So Turkey Day is over, doorstop sandwiches have lost their appeal, and there's still a mountain of leftover roast bird in the fridge. You have no cat. What to do?
I didn't grow up with Thanksgiving, for reasons that should be obvious, but destroying a turkey is among my family's Christmas traditions, and I am perfectly familiar with the attendant problem of leftovers.* Every year, the post-dinner scene is absolutely the same: no more mashed potatoes (my fault), leftover corn, leftover peas, and however much white meat is usually found on a turkey intended for a family of four, minus a slice or two.
(In my family, white meat is what you end up with if you're not quick enough to claim a leg.)
It tends to show up in sandwiches a day later, slathered in mustard in an effort to give it some kind of moisture and flavor, before my mother adds it to the soup she's already made from the carcass. Then it sits in the bottom of the stockpot until the soup runs out.
(In my family, the roast turkey dies not one, but three deaths.)
Which is why I decided that for my first Thanksgiving at home (rather than as a guest in someone else's home), I'd rather not have turkey at all.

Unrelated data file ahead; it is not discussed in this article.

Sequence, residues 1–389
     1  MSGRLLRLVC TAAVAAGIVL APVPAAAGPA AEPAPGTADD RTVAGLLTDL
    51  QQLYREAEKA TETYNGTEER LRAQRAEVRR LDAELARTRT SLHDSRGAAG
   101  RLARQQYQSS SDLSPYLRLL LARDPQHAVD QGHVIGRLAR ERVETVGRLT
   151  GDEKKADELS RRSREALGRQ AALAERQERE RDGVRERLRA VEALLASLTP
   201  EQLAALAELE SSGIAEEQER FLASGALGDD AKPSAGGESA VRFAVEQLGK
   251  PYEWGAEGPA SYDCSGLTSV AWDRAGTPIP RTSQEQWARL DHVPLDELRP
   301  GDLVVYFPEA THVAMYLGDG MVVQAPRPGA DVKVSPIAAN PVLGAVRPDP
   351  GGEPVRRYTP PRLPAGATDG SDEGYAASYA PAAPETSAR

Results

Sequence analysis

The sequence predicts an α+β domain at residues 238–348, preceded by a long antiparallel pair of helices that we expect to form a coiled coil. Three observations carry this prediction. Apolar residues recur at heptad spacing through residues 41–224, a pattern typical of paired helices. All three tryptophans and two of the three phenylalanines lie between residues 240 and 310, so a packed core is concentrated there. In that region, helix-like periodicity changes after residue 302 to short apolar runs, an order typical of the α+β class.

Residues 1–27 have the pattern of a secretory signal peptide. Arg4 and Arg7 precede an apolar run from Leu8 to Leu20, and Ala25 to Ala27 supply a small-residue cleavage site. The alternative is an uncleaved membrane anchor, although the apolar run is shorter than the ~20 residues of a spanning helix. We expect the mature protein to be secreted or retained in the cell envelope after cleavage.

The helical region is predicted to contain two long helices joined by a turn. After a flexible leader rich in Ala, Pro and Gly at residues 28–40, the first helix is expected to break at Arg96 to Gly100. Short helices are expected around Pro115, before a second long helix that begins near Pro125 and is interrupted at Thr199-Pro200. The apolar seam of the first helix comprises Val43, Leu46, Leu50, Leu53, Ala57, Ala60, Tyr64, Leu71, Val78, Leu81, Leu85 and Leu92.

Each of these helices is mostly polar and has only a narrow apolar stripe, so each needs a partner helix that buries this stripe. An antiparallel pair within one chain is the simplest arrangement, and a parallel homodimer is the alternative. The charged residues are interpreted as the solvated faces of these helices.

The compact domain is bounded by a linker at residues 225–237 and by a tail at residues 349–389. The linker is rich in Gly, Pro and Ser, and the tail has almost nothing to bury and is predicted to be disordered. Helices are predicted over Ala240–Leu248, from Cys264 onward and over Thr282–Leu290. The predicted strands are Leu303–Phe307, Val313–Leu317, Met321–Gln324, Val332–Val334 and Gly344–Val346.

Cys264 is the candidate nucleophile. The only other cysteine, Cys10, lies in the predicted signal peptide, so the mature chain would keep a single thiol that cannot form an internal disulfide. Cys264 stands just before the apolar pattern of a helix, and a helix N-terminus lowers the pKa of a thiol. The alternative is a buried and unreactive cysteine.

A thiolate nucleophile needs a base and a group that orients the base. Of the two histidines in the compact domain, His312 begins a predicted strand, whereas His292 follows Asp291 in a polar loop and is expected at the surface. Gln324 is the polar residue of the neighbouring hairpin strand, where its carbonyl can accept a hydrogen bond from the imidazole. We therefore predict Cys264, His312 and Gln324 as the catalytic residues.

Had I been alone, I might have made a mountain of mashed potatoes and gravy and called it good, but Lucille came to stay with me, and she had her own ideas for the menu. We ended up eating a meal of roast Cornish hens, gravy, mashed potatoes, sweet potatoes, green beans, white asparagus, and tiramisu. (Yes, tiramisu. We're neither of us fans of pumpkin pie.)
Unfortunately, a Cornish hen, though a lot smaller than even the smallest turkey, is still a bird with a lot of white meat. I knew the rest of the leftovers weren't going to be a problem, but it appeared that I had not succeeded in escaping the tyranny of leftover roast bird. The specter of dry sandwiches loomed large in my future.
Desperate to escape my fate, I engaged in some rapid thinking. The antidote to dry white meat is, of course, gravy. Lots and lots of gravy. The best way to get a good gravy-to-meat ratio is to cut the meat into small pieces. Gravy and meat in small pieces... pot pie!
So it was with considerable relief that I cut the leftover meat into small pieces, cut up some of the leftover vegetables into small pieces, whisked up another pan of gravy, and made a batch of biscuits for pie topping. The pot pie made for a satisfying dinner, and I knew that I wouldn't be worrying about leftovers later.
If you have that mountain of leftover roast bird and no cat, you may want to try doing the same.
(Photos will come if and when Lucille gets around to sending them to me.)
Poultry Pot Pie
Works for turkey, chicken, and any other bird that has bland white meat.
(Will serve one, because it freezes, but exact number of servings is determined by the quantity of leftovers you're trying to use up.)